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The Critical Graduate Experience

An Ethics of Higher Education Responsibilities

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Charlotte Achieng-Evensen, Janae Dimick, Ndindi Kitonga, Maryann Krikorian, Kevin Stockbridge and Barry Kanpol

The Critical Graduate Experience is a collection of scholarly reflections on the possibilities of a new vision for critical studies. It is a remarkable book that provides daring analyses from the vantage of the graduate student experience. Drawing from individual knowledge and research, the authors invite you to re-imagine education for justice. Barry Kanpol opens the work with a brilliant meditation on joy and cynicism in university classrooms and educational theory. The book continues to unfold as an open and honest conversation with doctoral students and recent graduates concerning the ethics of higher education. In a true critical approach, each chapter problematizes a new facet of academic assumptions and practices as they touch the lives of students. The authors explore the ethical implications of acknowledging student spirituality and expanding the role of critical education studies. The book concludes with a transparent self-critique on the process and ethics of graduate students writing for publication. This is a wonderful text, guiding students and professors as they enter into dialogue on the ethics of an authentic critical education studies. Classes on practical ethics, educational spirituality, student voice, collaborative publishing, and critical pedagogy could benefit from the insights offered here. Daring to believe that student experience and knowledge have a place in the world of academic publishing, this book is both a prophetic proclamation of and humble invitation to a new future in the field.
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Afterword: Embodied Ethics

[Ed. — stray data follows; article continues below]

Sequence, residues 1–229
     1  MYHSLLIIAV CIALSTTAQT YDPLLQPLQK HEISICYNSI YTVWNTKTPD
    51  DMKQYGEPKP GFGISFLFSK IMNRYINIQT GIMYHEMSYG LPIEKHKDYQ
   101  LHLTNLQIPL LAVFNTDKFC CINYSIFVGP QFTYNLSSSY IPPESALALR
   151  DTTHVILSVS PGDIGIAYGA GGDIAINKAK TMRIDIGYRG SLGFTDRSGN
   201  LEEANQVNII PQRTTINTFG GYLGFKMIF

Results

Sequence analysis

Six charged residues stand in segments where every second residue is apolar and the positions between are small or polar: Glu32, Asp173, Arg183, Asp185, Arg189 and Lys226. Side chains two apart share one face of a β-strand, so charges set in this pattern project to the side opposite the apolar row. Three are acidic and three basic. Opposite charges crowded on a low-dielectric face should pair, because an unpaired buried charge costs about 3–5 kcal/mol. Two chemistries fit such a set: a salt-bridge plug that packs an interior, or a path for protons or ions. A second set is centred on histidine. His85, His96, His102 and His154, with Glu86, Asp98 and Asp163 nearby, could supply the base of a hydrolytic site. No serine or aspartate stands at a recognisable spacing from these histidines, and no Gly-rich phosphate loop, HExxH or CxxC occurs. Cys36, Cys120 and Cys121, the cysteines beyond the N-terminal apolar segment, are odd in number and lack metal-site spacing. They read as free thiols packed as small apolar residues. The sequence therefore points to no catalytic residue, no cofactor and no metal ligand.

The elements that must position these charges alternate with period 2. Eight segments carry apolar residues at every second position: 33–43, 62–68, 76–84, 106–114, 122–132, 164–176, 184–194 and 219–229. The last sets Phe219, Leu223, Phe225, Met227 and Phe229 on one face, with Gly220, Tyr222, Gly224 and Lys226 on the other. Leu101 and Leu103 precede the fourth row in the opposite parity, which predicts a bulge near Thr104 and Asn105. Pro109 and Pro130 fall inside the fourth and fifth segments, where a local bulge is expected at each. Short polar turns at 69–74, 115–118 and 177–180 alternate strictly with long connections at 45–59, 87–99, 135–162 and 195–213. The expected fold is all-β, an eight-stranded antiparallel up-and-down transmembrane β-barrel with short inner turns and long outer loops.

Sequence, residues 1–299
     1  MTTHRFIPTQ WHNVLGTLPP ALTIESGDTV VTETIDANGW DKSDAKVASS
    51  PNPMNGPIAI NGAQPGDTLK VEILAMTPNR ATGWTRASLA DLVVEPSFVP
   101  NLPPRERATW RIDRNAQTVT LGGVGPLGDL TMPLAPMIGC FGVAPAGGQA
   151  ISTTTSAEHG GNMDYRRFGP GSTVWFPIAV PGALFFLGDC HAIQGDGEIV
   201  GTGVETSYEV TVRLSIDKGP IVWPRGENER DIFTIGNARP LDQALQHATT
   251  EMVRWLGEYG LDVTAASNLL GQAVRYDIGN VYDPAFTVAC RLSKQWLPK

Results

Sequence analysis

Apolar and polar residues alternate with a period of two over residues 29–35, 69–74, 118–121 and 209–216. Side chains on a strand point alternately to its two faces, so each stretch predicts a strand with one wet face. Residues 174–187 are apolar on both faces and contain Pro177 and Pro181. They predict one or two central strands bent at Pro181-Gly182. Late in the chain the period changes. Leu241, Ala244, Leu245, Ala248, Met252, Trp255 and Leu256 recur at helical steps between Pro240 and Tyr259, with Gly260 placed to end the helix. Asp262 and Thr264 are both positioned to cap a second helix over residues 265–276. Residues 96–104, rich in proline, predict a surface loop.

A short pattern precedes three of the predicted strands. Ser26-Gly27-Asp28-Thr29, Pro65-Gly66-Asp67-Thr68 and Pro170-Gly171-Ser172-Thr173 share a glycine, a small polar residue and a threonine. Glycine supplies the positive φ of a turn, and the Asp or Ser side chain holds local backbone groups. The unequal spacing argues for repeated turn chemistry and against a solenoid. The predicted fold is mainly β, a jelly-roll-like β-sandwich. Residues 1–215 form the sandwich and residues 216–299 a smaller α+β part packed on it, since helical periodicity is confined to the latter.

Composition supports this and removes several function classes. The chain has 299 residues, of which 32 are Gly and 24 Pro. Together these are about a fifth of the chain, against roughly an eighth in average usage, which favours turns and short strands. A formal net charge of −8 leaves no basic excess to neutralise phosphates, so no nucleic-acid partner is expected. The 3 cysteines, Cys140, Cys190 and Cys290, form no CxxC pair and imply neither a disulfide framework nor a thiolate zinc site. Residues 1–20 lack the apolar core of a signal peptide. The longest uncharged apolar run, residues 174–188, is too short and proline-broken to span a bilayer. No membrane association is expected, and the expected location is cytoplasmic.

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CHARLOTTE ACHIENG-EVENSEN, JANAE DIMICK, NDINDI KITONGA, MARYANN KRIKORIAN, AND KEVIN STOCKBRIDGE

Our experience of writing this book was challenged as we entered the final phases of compiling the chapters. Some of the authors began to problematize the meaning and subsequent methodology underlying our collective contribution. Given that this work was conceived as a reflection on the ethics of responsibility within the academy, we found ourselves pondering the process by which we came to express this particular critique about our understanding of the academy and its workings. The goal of the book, we posited, was to highlight and discuss some of the tensions that we experienced within the academy, within our scholarship, and within graduate studies. Yet, as the chapters were coalesced into one bonded and physical space, the body of our work seemed decontextualized from our intended goal. We began to wonder certain things: Were we engaging in haphazard critique and hoping to bring about dialogue without an ethic of care? Were we allowing the voices of those who were the subject of our critique “a place at the table”? We questioned, Did we, in writing this book, simply reproduce a practice of alienation by pitting one aspect of the academy against another? Perhaps more poignantly, we asked if we were exploiting this opportunity for publication for a line on our curriculum vitae without concern for those who systematically encouraged us to participate within this space of dialogue? We asked, Would our participation in this work...

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